The m1 money supply is a combination of the m2 money supply, which is the money that we save and invest, and the m3 money supply, which is the money that we spend. The m1 money supply is comprised of m2, m3, and m4 money. m2 is money that we hold in our own checking account, m3 is money that we borrow from a bank, and m4 is money that we invest.
m3 is the money that we can borrow from the bank, m2 is the money that we can get from a checking account that we are currently holding, and m1 is the money that we can invest.
The m3 money supply is very important because it’s the money that we can spend that we have to pay for the things we already have. Money that we can invest is important because we don’t have to pay for anything we don’t have to pay for. As you see from this chart, when we have m2 money, the cost of everything we have is the m2 money.
As most economists will tell you, m1 is the most difficult money to understand. It is money that we have, and we have to pay for it using m2. Money that we can invest is important because having money that we can invest means we dont have to pay interest on our investments.
An important characteristic of m1 money is that it is a “floating” money supply. That is, it is money that does not exist in an account and can be spent on any time you like. That way you can spend it at any time you like without penalty, since m2 money can be spent at any time you like.
The m1 money supply has two important characteristics: floating and interest-free. Floating m1 money has a stable value, which means that when you need to buy something, it will cost you exactly m1. Floating money is also non-inflationary, meaning that it will remain the same in value for as long as there are m1 in circulation.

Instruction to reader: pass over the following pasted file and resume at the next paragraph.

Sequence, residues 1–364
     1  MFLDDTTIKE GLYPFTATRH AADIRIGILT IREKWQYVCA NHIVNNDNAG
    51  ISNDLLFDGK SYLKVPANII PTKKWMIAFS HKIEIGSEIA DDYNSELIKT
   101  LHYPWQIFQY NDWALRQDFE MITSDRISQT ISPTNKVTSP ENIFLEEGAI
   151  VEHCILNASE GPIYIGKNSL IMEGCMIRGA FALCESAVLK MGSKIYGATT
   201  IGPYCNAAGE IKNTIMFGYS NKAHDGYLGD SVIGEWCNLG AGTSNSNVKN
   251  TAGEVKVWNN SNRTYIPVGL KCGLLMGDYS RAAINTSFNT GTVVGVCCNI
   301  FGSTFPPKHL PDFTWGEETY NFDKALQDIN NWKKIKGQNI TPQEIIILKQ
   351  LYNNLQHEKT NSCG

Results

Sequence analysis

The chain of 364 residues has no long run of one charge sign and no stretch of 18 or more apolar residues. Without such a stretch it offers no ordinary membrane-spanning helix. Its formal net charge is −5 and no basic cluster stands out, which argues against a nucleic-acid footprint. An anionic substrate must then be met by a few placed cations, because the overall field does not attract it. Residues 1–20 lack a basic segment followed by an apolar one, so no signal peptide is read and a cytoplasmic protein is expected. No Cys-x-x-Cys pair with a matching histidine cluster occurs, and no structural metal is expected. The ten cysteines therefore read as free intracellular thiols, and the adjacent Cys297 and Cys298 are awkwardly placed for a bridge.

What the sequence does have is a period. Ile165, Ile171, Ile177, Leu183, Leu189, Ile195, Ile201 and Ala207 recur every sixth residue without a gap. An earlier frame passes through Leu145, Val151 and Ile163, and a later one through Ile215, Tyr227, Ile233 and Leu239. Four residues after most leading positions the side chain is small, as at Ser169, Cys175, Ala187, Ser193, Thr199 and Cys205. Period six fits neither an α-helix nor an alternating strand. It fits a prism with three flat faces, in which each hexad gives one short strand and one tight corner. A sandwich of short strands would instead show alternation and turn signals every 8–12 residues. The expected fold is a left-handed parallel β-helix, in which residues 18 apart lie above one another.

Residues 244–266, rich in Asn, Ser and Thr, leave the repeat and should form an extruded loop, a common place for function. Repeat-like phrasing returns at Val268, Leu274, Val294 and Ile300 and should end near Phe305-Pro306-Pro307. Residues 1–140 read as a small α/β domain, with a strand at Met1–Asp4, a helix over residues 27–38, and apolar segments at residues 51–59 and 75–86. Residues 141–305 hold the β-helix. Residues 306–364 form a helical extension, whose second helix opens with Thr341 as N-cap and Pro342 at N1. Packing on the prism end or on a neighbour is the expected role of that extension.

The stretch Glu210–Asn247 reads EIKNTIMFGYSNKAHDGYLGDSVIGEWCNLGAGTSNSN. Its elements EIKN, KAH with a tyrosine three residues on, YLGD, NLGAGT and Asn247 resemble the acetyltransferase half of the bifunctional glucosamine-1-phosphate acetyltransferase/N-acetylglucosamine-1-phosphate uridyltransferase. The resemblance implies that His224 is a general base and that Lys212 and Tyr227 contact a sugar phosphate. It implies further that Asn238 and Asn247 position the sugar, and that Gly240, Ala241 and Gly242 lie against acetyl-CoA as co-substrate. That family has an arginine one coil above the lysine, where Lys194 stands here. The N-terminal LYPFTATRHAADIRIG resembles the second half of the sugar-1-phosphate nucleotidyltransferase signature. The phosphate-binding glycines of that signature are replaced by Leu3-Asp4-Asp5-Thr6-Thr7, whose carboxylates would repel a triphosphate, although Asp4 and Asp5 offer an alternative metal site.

Floating money is what makes it easy to use a debit card to pay for things. Most banks will not charge you interest for using a debit card, but you will have to pay a fee for using a credit card. The fees are a few pennies more than the usual fees for debit cards, but the m1 bank fees are much more than the m1 credit card fees, so the bank’s net margin is much higher for debit cards.
Floated money can be used anywhere – it’s like cash in some countries.
The difference is that credit card fees are a flat fee per transaction, unlike debit card fees, which are a percentage fee per transaction. For example, with a credit card, a $100 purchase would net $99.99, while with a debit card, a $100 purchase would net $99.99, so the credit card fees are $0.00, and the debit card fees are $0.25.
The difference is that credit card fees are a flat fee per transaction, whereas debit card fees are a percentage fee per transaction. For example, with a credit card, a 100 purchase would net 99.99, while with a debit card, a 100 purchase would net 99.99, so the credit card fees are 0.00, and the debit card fees are 0.25.